Heads of the Rebel Beys at the Mosque of el Hasanein, Cairo, 1866. Orientalism had two sides, the erotic and the violent. But there is nothing inauthentic about the subject matter, since the Ottomons still displayed the heads of criminals and especially rebels into the 20th century.

Bashi-Bazouk, 1869. The Bashi-Bazouk – "headless ones" – were unpaid irregular soldiers who fought for the Ottomans in hope of plunder. Gérôme found them fascinating and painted them many times. He did this painting in Paris by dressing a model in clothes he had bought during his most recent trip to the Middle East.

A Carpet Merchant in Cairo, 1887.

The second half of Gérôme's career coincided with the decline of academic painting, under assault from Impressionists who hated the technique, Realists who despised the subject matter, and proto-modernists who hated everything. Gérôme fought back, so he was for decades prominent in the quarrels of the European art world. Gérôme acknowledged the criticisms of academic painting mainly by trying to broaden its subject matter and craft new, distinctive images. Like the Pygmalion and Galatea at the top of the post and this one, Truth Coming out of her Well to Shame Mankind, 1896.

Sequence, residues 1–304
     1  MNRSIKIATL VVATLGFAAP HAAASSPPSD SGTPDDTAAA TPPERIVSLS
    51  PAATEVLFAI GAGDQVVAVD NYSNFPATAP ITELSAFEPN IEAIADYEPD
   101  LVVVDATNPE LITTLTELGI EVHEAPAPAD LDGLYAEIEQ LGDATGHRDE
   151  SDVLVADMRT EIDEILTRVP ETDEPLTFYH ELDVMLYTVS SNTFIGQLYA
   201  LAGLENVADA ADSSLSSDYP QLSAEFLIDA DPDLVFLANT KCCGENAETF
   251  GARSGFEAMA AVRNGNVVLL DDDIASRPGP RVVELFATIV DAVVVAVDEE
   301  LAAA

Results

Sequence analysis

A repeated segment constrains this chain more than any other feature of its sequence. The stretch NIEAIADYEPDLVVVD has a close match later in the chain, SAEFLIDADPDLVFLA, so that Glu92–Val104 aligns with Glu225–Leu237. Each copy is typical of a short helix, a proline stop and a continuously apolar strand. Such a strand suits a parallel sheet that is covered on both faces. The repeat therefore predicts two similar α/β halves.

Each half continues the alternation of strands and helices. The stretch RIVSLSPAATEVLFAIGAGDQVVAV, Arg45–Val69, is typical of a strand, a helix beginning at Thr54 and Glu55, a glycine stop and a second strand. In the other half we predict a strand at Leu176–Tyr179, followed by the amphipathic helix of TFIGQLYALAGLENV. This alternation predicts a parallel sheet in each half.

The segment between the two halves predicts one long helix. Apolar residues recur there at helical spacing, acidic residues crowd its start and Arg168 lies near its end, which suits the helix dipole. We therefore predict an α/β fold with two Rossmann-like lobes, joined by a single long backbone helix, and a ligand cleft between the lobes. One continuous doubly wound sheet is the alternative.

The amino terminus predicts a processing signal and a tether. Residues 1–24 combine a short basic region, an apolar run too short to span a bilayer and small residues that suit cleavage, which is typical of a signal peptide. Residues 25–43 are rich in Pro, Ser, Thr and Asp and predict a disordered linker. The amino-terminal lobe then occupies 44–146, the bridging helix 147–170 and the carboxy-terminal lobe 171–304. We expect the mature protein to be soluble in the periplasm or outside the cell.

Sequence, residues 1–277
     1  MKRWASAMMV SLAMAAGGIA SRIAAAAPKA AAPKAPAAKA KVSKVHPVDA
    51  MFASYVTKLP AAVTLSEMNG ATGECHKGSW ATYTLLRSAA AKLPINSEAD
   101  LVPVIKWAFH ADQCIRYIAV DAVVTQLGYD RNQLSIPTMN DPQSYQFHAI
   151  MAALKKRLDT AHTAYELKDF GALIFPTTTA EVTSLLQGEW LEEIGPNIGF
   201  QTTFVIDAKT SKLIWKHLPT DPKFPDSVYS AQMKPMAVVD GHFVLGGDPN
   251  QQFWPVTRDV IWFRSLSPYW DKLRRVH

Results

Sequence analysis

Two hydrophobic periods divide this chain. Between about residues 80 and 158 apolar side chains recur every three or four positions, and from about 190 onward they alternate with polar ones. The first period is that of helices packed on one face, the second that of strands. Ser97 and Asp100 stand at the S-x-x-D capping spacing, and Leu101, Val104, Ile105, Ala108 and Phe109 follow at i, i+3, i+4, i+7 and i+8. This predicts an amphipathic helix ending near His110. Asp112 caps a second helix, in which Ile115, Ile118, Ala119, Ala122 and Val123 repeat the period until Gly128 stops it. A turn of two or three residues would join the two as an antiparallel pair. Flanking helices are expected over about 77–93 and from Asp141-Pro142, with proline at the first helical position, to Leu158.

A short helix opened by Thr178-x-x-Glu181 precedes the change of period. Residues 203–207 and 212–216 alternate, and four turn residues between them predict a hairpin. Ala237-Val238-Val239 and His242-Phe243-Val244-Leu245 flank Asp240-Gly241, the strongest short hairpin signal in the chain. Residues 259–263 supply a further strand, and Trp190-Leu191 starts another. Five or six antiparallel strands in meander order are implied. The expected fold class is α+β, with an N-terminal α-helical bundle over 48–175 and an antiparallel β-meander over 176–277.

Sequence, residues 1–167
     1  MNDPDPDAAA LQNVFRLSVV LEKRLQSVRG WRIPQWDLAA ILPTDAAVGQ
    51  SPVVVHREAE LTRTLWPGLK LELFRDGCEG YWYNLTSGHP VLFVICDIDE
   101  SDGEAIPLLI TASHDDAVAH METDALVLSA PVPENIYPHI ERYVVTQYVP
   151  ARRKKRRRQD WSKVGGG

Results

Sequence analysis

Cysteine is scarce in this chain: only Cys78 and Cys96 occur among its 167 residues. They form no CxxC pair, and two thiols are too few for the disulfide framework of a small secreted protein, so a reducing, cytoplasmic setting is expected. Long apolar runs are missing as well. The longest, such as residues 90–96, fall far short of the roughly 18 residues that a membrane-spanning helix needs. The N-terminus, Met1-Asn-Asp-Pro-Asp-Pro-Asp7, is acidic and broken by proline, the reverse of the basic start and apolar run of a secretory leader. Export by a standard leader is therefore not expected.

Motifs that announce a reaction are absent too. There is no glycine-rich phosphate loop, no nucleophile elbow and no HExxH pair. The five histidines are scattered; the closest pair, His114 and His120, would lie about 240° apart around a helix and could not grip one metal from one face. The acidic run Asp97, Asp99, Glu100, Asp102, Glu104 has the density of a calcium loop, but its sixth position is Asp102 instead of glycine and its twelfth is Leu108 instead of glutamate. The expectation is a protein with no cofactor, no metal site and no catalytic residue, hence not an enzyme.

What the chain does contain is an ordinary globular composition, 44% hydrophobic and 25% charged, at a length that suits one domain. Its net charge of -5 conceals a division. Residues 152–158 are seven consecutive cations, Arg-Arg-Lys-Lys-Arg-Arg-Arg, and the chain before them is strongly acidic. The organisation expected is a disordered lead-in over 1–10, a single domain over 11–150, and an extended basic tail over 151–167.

Jerusalem, or, Consummatum Est.

Health Insurance and Health: the Latest Science

There is a long-running debate about whether health insurance really makes people healthier; some studies have found not much effect either on death rates or on whether people with chronic conditions like diabetes do better with insurance. Other studies have found big effects. The problem is complicated because in America having health insurance tends to go together with other stuff that we know effects health, like education and income. Once you correct for these things, some studies have found that people with insurance get more health care but don't end up healthier.

Via Marginal Revolution, here is a big new paper by three top academics reviewing all the recent evidence on the question. I would summarize it as follows:
  • health insurance leads to a significant improvement in people's financial situation: fewer bankruptcies, fewer run-ins with bill collectors;
  • health insurance leads to a general reduction in life stress;